As usual, this year’s Hungarian test has its critics. One possible topic was a short story by Sándor Márai (1900-1989); apparently, that was the most popular choice. The second was an essay by Leszek Kołakowski, the Polish philosopher, who is, as I found out, not well known in Hungary. Most likely the students had no idea who the man was. But it was the third that  raised the most eyebrows. Students were supposed to compare two epigrams: one by Dániel Berzsenyi (1776-1836) and the other by Mihály Vörösmarty (1800-1855). Both are about Napoleon Bonaparte.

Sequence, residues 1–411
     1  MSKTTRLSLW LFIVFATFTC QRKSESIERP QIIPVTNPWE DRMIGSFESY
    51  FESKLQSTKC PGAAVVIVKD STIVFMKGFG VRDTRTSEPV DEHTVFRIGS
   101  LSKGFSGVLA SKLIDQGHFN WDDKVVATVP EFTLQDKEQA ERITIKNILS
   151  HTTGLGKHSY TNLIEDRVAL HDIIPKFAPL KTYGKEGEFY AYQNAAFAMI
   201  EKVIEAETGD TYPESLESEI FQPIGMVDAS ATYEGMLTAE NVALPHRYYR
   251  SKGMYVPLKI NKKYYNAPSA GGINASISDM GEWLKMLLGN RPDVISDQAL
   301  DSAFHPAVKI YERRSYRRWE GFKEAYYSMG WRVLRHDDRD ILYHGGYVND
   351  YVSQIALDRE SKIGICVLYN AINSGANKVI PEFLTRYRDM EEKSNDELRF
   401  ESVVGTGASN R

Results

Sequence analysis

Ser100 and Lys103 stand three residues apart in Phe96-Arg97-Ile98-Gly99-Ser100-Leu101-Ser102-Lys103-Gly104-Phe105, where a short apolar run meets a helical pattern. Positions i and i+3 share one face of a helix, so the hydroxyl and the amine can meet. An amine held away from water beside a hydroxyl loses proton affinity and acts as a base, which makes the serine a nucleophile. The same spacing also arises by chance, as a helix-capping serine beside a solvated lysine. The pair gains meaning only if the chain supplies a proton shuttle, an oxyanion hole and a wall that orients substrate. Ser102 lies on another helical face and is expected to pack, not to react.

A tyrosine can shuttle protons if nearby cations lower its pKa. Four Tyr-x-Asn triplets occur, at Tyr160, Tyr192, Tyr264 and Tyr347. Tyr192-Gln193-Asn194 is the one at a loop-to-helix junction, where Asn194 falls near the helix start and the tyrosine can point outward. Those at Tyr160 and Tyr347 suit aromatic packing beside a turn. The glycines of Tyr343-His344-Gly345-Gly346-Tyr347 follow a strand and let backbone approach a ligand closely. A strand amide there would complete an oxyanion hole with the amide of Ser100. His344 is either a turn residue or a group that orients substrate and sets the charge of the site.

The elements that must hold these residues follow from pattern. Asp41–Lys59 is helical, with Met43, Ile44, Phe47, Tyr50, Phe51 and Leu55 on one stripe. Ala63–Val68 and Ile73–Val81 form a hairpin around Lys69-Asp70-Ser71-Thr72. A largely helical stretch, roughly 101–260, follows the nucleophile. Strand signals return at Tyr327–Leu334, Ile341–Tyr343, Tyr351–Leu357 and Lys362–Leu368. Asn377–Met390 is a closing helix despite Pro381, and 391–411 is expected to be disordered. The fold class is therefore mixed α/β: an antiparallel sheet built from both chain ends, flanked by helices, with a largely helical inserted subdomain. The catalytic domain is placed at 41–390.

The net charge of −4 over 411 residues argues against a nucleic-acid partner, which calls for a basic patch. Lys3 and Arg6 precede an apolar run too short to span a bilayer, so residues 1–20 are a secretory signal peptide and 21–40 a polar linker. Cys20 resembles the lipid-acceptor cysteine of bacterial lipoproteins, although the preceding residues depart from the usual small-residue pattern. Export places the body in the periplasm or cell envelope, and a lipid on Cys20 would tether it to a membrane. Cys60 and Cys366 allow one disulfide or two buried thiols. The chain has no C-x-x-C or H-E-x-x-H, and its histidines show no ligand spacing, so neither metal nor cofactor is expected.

Let me quote the Berzsenyi poem first:


Nem te valál győző, hanem a kor lelke: szabadság,
Melynek zászlóit hordta dicső sereged.
A népek fényes csalatásba merülve imádtak,
S a szent emberiség sorsa kezedbe került.
Ámde te azt tündér kényednek alája vetetted,
S isteni pálmádat váltja töviskoszorú.
Amely kéz felemelt, az ver most porba viszontag;
Benned az emberiség ügye bosszulva vagyon.


The soul of the age was Liberty whose flags your victorious armies carried. People worshiped you and the fate of mankind was in your hands. However, you surrendered it to your pleasure, and a crown of thorns replaced your laurels. The hand that raised you now throws you into the dust.

Then the Vörösmarty poem:


Nagy volt ő s nagysága miatt megdőlnie kellett;
Ég és föld egyaránt törtek elejteni őt:
Tűrni nagyobbat irígy lőn a sáralkatu ember,
S tűrni hasonlót nem bírtak az istenek is.